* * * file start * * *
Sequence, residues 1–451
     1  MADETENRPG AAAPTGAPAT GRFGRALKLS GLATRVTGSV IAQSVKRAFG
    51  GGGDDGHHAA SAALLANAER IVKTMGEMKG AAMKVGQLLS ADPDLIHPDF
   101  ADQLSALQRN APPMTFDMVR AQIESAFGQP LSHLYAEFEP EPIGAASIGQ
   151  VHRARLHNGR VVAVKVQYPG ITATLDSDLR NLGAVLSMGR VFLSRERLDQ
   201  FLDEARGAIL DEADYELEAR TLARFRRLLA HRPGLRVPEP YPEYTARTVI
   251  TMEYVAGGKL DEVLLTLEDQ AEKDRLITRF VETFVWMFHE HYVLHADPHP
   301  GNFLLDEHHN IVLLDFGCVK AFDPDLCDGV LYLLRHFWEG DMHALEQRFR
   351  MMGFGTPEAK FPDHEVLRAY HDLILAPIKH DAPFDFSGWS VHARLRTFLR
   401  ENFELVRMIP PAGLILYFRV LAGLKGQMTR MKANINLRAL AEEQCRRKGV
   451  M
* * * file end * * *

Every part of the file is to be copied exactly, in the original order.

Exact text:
Sequence, residues 1–451
     1  MADETENRPG AAAPTGAPAT GRFGRALKLS GLATRVTGSV IAQSVKRAFG
    51  GGGDDGHHAA SAALLANAER IVKTMGEMKG AAMKVGQLLS ADPDLIHPDF
   101  ADQLSALQRN APPMTFDMVR AQIESAFGQP LSHLYAEFEP EPIGAASIGQ
   151  VHRARLHNGR VVAVKVQYPG ITATLDSDLR NLGAVLSMGR VFLSRERLDQ
   201  FLDEARGAIL DEADYELEAR TLARFRRLLA HRPGLRVPEP YPEYTARTVI
   251  TMEYVAGGKL DEVLLTLEDQ AEKDRLITRF VETFVWMFHE HYVLHADPHP
   301  GNFLLDEHHN IVLLDFGCVK AFDPDLCDGV LYLLRHFWEG DMHALEQRFR
   351  MMGFGTPEAK FPDHEVLRAY HDLILAPIKH DAPFDFSGWS VHARLRTFLR
   401  ENFELVRMIP PAGLILYFRV LAGLKGQMTR MKANINLRAL AEEQCRRKGV
   451  M